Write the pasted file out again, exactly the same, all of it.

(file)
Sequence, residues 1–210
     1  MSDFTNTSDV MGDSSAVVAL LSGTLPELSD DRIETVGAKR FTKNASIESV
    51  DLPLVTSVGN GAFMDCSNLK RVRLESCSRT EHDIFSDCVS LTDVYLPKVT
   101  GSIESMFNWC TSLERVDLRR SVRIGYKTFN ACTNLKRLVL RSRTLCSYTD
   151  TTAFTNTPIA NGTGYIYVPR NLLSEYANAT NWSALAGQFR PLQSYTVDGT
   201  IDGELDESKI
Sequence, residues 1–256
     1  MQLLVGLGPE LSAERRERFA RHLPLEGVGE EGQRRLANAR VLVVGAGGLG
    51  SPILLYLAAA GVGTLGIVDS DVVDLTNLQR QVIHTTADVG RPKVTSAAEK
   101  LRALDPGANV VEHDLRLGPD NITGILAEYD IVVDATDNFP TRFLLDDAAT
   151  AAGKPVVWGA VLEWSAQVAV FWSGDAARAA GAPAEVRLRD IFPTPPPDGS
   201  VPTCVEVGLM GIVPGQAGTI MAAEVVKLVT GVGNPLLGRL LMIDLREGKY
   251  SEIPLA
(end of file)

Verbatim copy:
Sequence, residues 1–210
     1  MSDFTNTSDV MGDSSAVVAL LSGTLPELSD DRIETVGAKR FTKNASIESV
    51  DLPLVTSVGN GAFMDCSNLK RVRLESCSRT EHDIFSDCVS LTDVYLPKVT
   101  GSIESMFNWC TSLERVDLRR SVRIGYKTFN ACTNLKRLVL RSRTLCSYTD
   151  TTAFTNTPIA NGTGYIYVPR NLLSEYANAT NWSALAGQFR PLQSYTVDGT
   201  IDGELDESKI
Sequence, residues 1–256
     1  MQLLVGLGPE LSAERRERFA RHLPLEGVGE EGQRRLANAR VLVVGAGGLG
    51  SPILLYLAAA GVGTLGIVDS DVVDLTNLQR QVIHTTADVG RPKVTSAAEK
   101  LRALDPGANV VEHDLRLGPD NITGILAEYD IVVDATDNFP TRFLLDDAAT
   151  AAGKPVVWGA VLEWSAQVAV FWSGDAARAA GAPAEVRLRD IFPTPPPDGS
   201  VPTCVEVGLM GIVPGQAGTI MAAEVVKLVT GVGNPLLGRL LMIDLREGKY
   251  SEIPLA